and from the number of heads which were seen protruding from the windows as it 
slowly climbed the grade behind barracks, it looked like an excursion. Little did 
the engineer of that train dream that among his passengers was one destined to be 
a Cadet Captain at the Virginia Military Institute. That one was no less than 
M. M. Pettyjohn, of Lynchburg, Va. From the day he entered these gray and for- 
bidding wails, "Peter" has been striving toward a goal and, to quote an old saying, 
he has "hitched his wagon to a star." And if you will believe us, gentle reader, 
that particular star has done its work well. Not only has "Mich" attained the 
highest success along military lines, hut he has also gained a place in the hearts 
of the Class of '23 that could be filled by no one else. 

As a "rat" he was a joy to his first sergeant, for his name never adorned the 
companv books. As a Third Classman, "Peter" was one of the few who emerged 
from the "war" none the worse for wear. During his Second Class year he was 
First Sergeant of "B" Company and at the present time he is captain of that same 
outfit. What more need be said? 

"Peter" has not been active in athletics, but has just completed his term as man- 
ager of football, and with all due respect to succeeding managers, his work will be. 
hard to beat. 

"Mich," '23 wishes it could keep you always, but it can only join in wishing 
you Godspeed to the place in the world which we know awaits you. 
"Go way!" 



mi' AA. AkJkKTI. 

KC-< ^ < ♦<(■ <-<(-<'^-'^L<.'^L-iI^ 

7 ^ /■"-,'->»»>■»■>>> 


Eldridge Rodgers Plowden, B.S. 


Born 1899. Matriculated 1919. 

"Monk," "Boz," "Bozo" 

Fourth Class: Private Company "E" : Richmond Club. Third Class: Private Company 
"I]"; Secretary Literary Society; Richmond Club. Second Class: Private Company "E"; 
Polo Association; Track Squad; Dramatic Club; Literary Society; Marshal Final Ball. 
First Class: Private Company "E" ; Track Squad; Literary Society; Episcopal Church 
Choir; H-2 Quartet; Marshal Final German. 

"The tyr 


n, most grave senators, 
inty and steel couch of 
bed of down." 

With all the senatorial dignity, the calmness and serenity of a great mind, this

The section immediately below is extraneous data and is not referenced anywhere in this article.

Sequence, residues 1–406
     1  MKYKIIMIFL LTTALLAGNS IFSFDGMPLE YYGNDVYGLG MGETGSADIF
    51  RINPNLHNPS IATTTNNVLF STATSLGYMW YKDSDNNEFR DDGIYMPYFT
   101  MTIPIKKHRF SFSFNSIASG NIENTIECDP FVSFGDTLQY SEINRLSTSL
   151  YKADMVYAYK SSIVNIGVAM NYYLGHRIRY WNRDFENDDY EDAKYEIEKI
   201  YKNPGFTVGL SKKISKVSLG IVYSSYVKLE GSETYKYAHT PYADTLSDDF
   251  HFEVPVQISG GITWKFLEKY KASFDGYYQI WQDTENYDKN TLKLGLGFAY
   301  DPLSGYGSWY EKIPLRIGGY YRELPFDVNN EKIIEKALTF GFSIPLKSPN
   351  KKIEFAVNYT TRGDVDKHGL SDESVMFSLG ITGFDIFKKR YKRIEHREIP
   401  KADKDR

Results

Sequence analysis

modern philosopher sauntered up to the portals of the Institute, knocked, and asked 
for admittance. On the inside, however, his meditative mood received a rude shock, 
ai'.d the descent from things ethereal to things material was hard on his aesthetic 

Be things as they may, however, this life at the Institute changes the world for 
us all, and "Bozo" was no exception. To illustrate the soreness of life as we found 
it here while "rats," imagine, if you can, the check imposed on his finer sensibilities 
when his name was changed from the high sounding Eldridge to the baser appella- 
tion of "Monk," and, later, to "Bozo." 

Passing through the vicissitudes, the trials and tribulations of both the Fourth 
and Third Class years, "Bozo" entered the quiet harbor of upperclassmanship as a 
student of chemistry. Here his wider vision found a field uncultivated, and it is here 
that he hopes to bring forth new" fruit of the brain. 

Not only In the field of science has "Bozo" gathered laurels for his brow, but in 
classical circles as well, for he is recognized even here as an authority. A pillar 
of the Literary Society, his logical reasoning, his philosophical insight, and his glow- 
ing eloquence have made many a rival feel the ineffectiveness of his own efforts. 

What to say when saying good-bye, "Boz," is always a question. However, in 
the mirror of time, the abstractions, the deep periods of thought, will be reflected as 
the individual attributes of you, but always with a fuller comprehensive view of 
the man who was to us all a friend. 

"Good old hay." 


>>» »>».;- > >>>)1 

Cadwallader Leonidas Polk, III, A.B. 


Third Class: Corporal Company "C"; Episcopal 

Company ■■C"; Literarj- Editor "Bullef; Associate 

ger Traclt; Episcopal Church Vestry; Episcopal Church 

First Class: Private Company "C" ; Literary Editor "Bomb"; 

Assistant Librarian; Episcopal Church Vestry; Episcopal 

Marshal Final German. 

t of every-day life." 

When the Last Day and the Last Night have knocked this gally-west world for 
a loop of gold-fish, and the little birdies come home to rest with the phoenix while 
the dawn of the Millenium purples Delmonico's free-lunch counter, "Cad" will arise 
and deliver us another scherzo ohhligato from Handel. 

It must be a sort of continual inner happiness that keeps this "Felluh" singing 

day long, and he surely chases the Whippoor-will of the Deep Blue Feelings 
away. "Cad" started in making the? world a brighter place to live in back in the 
"rat" days, when things weren't bright at all. Since then he has been one of the 
prize bumps on the dill-pickle of Fate. He was a "more runnin' ilian runnin' "